The normal resting temperature for us humans is 98.6 Fahrenheit. It’s common knowledge isn’t it? What is usually less known, is how it changes over a full 24-hour day: from a cool 96.4F at around 5am, to being warmest, around 100F, in the late afternoon.
As part of this process, temperature change plays a vital role in our sleep. During the normal human circadian rhythm, sleep happens with a drop in core body temperature. Deviations from these finely orchestrated changes can mean changes in sleep quality.
Body temperature correlates with overall sleep quality. The environment must change to suit our body, not vice versa.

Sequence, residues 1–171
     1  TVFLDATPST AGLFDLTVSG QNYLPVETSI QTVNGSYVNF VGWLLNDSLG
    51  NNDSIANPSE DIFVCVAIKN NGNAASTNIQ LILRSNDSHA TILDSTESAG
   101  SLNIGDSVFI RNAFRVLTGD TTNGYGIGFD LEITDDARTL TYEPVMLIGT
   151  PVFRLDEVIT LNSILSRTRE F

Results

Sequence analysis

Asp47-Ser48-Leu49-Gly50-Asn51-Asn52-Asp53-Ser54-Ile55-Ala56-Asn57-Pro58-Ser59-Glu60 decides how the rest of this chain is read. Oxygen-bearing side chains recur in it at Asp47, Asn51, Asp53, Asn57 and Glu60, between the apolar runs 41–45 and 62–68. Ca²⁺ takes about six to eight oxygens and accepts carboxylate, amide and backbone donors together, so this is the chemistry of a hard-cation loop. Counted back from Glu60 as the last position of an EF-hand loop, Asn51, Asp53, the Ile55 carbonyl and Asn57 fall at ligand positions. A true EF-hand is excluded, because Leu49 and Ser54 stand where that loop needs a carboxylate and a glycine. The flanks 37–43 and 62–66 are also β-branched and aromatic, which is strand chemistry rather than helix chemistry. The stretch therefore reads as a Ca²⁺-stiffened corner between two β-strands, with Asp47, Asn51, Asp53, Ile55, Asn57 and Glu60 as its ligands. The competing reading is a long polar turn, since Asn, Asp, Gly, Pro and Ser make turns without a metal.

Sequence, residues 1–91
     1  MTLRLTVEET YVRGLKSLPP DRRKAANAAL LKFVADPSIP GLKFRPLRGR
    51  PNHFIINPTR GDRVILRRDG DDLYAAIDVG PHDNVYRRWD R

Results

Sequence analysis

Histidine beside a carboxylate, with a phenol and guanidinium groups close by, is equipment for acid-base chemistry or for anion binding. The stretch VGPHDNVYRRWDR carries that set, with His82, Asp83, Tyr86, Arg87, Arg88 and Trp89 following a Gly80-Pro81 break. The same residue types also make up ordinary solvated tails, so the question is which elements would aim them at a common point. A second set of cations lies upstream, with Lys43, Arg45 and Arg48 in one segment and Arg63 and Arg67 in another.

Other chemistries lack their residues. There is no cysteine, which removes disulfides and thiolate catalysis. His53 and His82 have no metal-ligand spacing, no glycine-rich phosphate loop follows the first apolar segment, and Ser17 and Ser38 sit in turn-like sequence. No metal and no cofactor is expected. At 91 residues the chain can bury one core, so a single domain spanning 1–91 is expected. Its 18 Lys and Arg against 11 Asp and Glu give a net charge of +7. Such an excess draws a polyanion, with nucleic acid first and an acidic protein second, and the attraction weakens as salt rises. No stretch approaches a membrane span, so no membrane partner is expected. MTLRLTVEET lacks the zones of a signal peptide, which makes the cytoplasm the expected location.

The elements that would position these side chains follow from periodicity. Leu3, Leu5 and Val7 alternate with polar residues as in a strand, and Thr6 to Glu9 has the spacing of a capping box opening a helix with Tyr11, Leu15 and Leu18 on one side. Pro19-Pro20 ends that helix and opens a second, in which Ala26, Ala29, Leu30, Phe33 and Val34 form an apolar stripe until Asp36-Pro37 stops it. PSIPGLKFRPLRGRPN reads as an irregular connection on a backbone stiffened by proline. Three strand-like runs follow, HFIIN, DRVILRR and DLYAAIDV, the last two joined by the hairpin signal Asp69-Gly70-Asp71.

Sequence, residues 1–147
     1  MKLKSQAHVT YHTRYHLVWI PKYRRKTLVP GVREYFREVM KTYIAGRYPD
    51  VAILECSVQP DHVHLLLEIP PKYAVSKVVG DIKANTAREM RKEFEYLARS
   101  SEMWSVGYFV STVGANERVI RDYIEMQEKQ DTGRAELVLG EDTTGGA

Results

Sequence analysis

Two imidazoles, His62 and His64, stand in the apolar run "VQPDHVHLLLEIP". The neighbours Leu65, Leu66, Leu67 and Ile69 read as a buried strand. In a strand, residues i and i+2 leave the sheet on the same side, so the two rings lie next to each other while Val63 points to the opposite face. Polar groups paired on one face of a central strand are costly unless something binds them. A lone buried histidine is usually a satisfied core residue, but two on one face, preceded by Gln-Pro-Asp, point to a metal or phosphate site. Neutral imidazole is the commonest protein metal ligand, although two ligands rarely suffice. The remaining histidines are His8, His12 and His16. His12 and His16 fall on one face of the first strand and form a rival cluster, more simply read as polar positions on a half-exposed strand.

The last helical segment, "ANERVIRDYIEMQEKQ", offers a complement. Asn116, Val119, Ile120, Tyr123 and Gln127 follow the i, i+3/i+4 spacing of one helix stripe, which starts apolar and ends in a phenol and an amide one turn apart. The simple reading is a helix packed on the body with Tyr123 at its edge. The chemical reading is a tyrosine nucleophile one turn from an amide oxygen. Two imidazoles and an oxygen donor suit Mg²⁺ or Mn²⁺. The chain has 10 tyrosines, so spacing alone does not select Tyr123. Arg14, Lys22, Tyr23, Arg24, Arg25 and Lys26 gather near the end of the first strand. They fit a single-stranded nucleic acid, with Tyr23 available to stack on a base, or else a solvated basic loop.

Needless to say, temperature matters. Knowledge we have about it matters. And what surrounds us in the bedroom matters: from room temperature, to what we wear to bed (see this blog), and the bedding we sleep in.
By better understanding our own processes, we can develop habits that aid in our sleep. Take for instance the nighttime hot shower. Great idea if it’s done about 1½ hours before bed. The act of cooling down that happens when getting dry, helps our body with the sleepy-time process. Shower too close to bedtime however, and we can lay awake, unable to lose the heat we need in order to fall asleep.
I firmly believe that if we work with what happens naturally, not against it (ie: using bedding materials that don’t retain heat and keep us hot) we can improve the quality of our sleep. And therefore, our lives.